One boy presented with a history of recurrence of the PPC following an endoscopic transmural cystogastrostomy stenting performed at another center. One girl had a posttraumatic pancreatic body transection, and one boy had gastroesophageal reflux for which an adjunctive feeding gastrostomy was done. Two patients had concurrent laparoscopic cholecystectomy for gallstone-induced pancreatitis. A LTGC was performed for seven patients, and a LRGC was performed for one patient.
The median operating time was 232 min (IQR: 178–288 min). This included three patients who underwent additional procedures, namely a cholecystectomy (n = 2) and a feeding gastrostomy (n = 1). The postoperative pain was minimal, with a median opioid requirement of only 1 day. The median time to initial feeding was 3 days (IQR: 2.5–4.5 days), and the median time to full feeds was 4 days (IQR: 3.5–5.5 days). The median time to discharge was at the end of the fourth postoperative day (IQR: 3.5–7 days). The two patients who stayed for 8 and 9 days postoperatively had mild fever which settled with antibiotic cover. One patient (with WON) presented 6 months postsurgery with a recurrence that was diagnosed on CT scan. He is presently awaiting surgery. The median postoperative follow-up was 32 months (IQR: 9.5–55.5 months). The overall success rate of LCG was 88% (7/8 patients).
| Discussion|| |
PPCs are uncommon in children. Traumatic injuries causing PPC account for up to two-thirds of the cases, with nearly half occurring as a result of cycle handlebar injuries. Other causes are gallstone-induced pancreatitis, familial pancreatitis, drug-induced pancreatitis, congenital malformations of the pancreatic duct, and idiopathic pancreatitis. PPC may either resolve with conservative management or persist causing complications such as cyst rupture, bleeding into the cyst, infection, compressive symptoms, and fistulation. PPCs that are more than 6-week duration and 6 cm in size have historically undergone intervention.
External drainage has generally been reserved for surgically unfit patients, for those with an immature cyst wall, and in the presence of an infected PPC. This has been associated with an increased risk of failure and fistula formation. Internal drainage is preferred in noninfected cases, which may be performed either endoscopically or surgically. Surgical drainage can be performed either by open or laparoscopic techniques. Laparoscopic drainage has been associated with fewer postoperative complications, shorter hospital stay, and lower hospitalization costs when compared to percutaneous or open surgical drainage. In terms of success and complications between the different techniques, clinical equipoise is noted in adult trials with regard to length of hospital stay, cost of therapy, impact on physical/mental health, and superior outcomes.,,, Such randomized controlled trials are lacking in children.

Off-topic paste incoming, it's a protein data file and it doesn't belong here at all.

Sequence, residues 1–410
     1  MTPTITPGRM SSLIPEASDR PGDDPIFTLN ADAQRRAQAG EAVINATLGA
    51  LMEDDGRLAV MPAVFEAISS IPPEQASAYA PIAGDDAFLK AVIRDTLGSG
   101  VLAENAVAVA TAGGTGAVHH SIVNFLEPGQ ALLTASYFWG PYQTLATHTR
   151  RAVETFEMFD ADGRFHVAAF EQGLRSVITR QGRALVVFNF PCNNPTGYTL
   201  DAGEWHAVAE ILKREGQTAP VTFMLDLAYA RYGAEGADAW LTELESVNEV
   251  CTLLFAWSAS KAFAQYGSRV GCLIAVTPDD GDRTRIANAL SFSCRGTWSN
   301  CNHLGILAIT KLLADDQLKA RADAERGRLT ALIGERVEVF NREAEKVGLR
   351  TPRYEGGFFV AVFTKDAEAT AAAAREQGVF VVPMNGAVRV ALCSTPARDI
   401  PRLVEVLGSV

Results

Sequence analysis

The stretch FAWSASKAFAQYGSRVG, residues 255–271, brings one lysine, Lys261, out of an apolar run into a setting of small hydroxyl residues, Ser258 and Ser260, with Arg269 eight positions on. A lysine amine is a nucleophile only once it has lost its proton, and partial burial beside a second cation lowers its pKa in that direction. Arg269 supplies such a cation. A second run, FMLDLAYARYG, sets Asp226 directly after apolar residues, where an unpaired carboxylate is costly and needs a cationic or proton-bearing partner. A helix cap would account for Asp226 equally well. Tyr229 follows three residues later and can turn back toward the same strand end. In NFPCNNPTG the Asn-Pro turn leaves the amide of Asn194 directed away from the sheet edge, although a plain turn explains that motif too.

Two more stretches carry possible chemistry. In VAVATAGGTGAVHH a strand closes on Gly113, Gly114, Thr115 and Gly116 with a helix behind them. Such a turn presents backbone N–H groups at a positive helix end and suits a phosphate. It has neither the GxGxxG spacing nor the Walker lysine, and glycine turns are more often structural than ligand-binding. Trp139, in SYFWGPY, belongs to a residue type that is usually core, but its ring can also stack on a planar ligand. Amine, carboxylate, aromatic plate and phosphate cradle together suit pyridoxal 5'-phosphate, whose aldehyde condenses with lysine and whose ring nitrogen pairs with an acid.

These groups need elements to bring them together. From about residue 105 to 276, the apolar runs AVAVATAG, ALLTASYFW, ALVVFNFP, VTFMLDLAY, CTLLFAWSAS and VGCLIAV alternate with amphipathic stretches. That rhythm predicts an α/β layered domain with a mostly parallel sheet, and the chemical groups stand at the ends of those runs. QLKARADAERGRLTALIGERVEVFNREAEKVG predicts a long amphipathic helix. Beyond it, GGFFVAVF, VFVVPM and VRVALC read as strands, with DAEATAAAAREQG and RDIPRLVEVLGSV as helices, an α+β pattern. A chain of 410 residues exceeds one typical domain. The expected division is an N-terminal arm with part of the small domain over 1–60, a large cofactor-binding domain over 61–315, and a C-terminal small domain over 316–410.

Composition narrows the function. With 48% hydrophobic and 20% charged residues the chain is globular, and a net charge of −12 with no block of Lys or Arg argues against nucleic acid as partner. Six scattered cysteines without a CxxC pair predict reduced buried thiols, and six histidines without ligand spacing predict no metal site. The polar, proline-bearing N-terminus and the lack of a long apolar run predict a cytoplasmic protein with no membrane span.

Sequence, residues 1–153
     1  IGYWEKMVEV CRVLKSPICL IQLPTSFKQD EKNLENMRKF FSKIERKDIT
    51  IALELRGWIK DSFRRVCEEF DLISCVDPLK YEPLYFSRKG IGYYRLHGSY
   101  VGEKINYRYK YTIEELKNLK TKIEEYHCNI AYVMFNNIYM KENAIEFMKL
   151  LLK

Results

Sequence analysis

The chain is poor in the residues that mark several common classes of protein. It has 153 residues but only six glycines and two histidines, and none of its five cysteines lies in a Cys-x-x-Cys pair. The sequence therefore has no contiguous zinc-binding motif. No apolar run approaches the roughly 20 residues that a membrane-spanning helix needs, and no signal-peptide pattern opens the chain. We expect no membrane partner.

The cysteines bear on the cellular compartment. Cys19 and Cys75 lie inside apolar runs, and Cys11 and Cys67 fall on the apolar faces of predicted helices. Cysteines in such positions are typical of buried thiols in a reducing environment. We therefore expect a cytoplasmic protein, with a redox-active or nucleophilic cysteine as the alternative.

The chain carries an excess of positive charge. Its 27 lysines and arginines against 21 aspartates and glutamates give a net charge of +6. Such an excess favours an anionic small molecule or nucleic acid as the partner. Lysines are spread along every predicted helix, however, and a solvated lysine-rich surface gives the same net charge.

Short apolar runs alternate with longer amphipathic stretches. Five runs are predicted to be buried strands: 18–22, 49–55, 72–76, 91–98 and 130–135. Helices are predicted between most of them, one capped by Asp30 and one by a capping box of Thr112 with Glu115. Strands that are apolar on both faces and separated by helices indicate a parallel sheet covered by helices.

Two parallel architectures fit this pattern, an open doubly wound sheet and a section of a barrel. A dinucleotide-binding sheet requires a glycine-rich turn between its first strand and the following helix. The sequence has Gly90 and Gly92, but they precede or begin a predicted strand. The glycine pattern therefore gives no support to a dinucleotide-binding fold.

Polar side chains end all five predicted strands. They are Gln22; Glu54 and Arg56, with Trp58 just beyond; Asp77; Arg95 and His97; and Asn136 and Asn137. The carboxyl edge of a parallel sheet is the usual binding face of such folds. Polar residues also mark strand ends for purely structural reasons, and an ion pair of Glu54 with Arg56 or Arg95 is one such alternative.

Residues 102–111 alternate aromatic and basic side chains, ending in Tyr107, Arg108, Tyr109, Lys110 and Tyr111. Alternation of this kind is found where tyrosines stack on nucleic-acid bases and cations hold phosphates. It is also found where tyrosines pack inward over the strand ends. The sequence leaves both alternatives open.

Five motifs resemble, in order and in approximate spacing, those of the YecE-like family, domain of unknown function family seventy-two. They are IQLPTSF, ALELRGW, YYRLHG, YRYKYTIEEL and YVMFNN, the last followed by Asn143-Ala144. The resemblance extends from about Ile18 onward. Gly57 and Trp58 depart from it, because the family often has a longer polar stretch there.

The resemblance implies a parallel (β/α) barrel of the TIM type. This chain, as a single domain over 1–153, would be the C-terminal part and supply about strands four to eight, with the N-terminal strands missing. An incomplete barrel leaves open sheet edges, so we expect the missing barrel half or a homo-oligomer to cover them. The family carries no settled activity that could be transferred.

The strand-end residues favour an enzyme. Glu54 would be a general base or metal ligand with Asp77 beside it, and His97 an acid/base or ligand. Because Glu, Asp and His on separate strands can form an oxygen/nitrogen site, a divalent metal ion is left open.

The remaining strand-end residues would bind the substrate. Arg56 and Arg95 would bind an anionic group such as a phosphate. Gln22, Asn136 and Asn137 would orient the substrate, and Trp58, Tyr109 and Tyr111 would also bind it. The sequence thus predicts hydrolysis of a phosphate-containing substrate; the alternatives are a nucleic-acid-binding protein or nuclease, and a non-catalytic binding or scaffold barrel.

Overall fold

Mixed results have been obtained for endoscopic transmural cystogastrostomy with or without transpapillary stenting in children., Variable success in drainage has been achieved by substituting lumen apposing self-expanding endoscopic metal stents instead of the plastic version. Recently, an image-guided cystogastrostomy modality has been described in children for internal drainage of PPC using covered, flanged self-expanding nitinol or biliary endoscopic stents via a preexisting gastrostomy tract or a percutaneous gastrostomy with good results, although risks of sepsis, peritonitis, and incomplete drainage have been reported.
Although endoscopic drainage of PPC in children is a feasible option, our institution's practice has currently been primarily surgical, open or laparoscopic, due to the existing technical competencies.
Open surgical procedures such a cystogastrostomy and cystojejunostomy have been considered the gold standard for the treatment of nonresolving PPC. Cystogastrostomy has classically been advocated in the presence of a solitary large PPC, which posteriorly abuts the stomach. LCG in children has traditionally been performed by the anterior approach using either a transgastric exposure or intragastric ports., We have described the LTGC approach above. Laparoscopic cystojejunostomy has also been described in the management of large complicated PPC in children such as in communicating PPC or ones occurring in an atypical position. In our series, one patient underwent an on-table needle aspiration of 1 L of cyst fluid under anesthesia to decompress the large cyst which initially precluded port placement. Successful laparoscopic drainage was achieved in two patients with multiple proximate pseudocysts. This resolution could theoretically be attributed to the presence of intraparenchymal channels of communication between the cysts.